We also meet a loan shark who promises to cause trouble, and a sweet homeless woman called Lady, a pair of beat cops, James and Randy, who may be nurturing a crush on Arthur, who, for his part, is terrified of taking a chance on happiness. Between the play scenes, Arthur offers soliloquies in which we learn about this life up to this point—his childhood in the working-class mecca that was Chicago in the 1950s, his political awakening in the 1960s that caused a falling out with his father, a period of drift, a failed marriage, and an estranged child.

Two dominant themes emerge: the father-son dynamic between Arthur and Franco, and the futility of resisting change, along with the gains and losses change can bring. There is nothing very deep or revelatory in these, but the points come across through dialogue that rings true, a believable storyline, and a winning balance of sharp humor and tenderness. It is all very nice, if less than compelling.

Director Matt McNabb pumps up the production at Lyrics Arts by giving it a steady pace, fast enough to hold interest, but with time enough to see past the barbs in the dialogue to sense the character's motivations and feelings. Arthur's soliloquies seem to be an awkward ploy used by the playwright to provide background not delivered through the narrative, but McNabb manages to integrate these seamlessly into the flow of the play.

Jeffrey Goodson is terrific as Arthur, creating a fully believable man who was worn down early in life and never found a way to regain a sense of joy or purpose, but keeps going for lack of anything better to do. In his relationship with Franco, Goodson reveals the glimmer of pleasure Arthur can take in finding something of value in his life. Malick Ceesay is equally fine as Franco, animating the young man with a confidence and intelligence, but also showing us his prideful vulnerability.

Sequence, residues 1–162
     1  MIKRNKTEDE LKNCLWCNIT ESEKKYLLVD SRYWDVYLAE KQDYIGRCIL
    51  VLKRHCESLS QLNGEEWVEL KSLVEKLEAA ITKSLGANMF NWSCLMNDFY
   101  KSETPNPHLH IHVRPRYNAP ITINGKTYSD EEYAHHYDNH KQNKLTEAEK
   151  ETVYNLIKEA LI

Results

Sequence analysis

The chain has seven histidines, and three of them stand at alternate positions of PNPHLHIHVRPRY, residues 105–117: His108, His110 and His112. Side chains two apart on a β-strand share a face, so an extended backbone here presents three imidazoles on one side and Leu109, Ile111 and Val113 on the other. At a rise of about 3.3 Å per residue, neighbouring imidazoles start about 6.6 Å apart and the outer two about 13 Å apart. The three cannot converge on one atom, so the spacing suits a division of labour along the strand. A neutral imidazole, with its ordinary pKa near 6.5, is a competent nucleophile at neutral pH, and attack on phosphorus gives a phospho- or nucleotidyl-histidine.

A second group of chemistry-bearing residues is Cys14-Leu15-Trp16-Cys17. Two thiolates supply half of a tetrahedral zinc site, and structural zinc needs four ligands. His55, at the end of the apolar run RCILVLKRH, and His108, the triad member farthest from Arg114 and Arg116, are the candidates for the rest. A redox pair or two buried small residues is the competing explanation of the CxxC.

Among the other actors, Jamie White Jachimiec nicely plays Randy as a tough gal able to hold her own among fellow cops, but who is awkward with facing softer feelings. Her partner James is played well by Richard "Doc" Woods, a good cop with long ties to the neighborhood. Bill Williamson as Luther, the loan shark, does a swell job as a lout who has carefully polished his good-guy persona. Martha Wigmore creates a poignant image as Lady, the homeless alcoholic adrift in her own world. Only Peter Aitchison, as Max, is off-key, pushing the Russian's bravado and bluster to the point of caricature.

Gabriel Gomez has beautifully imagined Superior Donuts with his stage design, putting in all the details to make the long-lived establishment feel like the real thing, down to such minutia as an "Employees Only" sticker on the metal swing door between the shop and the kitchen in back. Jim Eischen's lighting is superb, with outside light—sunlight by day, streetlight in the evening—shining into the interior space through the large plate glass window, and smoothly transitioning back and forth to spotlight Arthur's monologues. Lucas Skjaret's costumes are just right for each character. A highly unlikely fight that is a pivotal moment for the play is grippingly staged by fight director Aaron Preusse. Dialect donsultant Keely Wolter has done excellent work coaching the cast in their respective Chicago-Irish, Polish-American and Russian accents.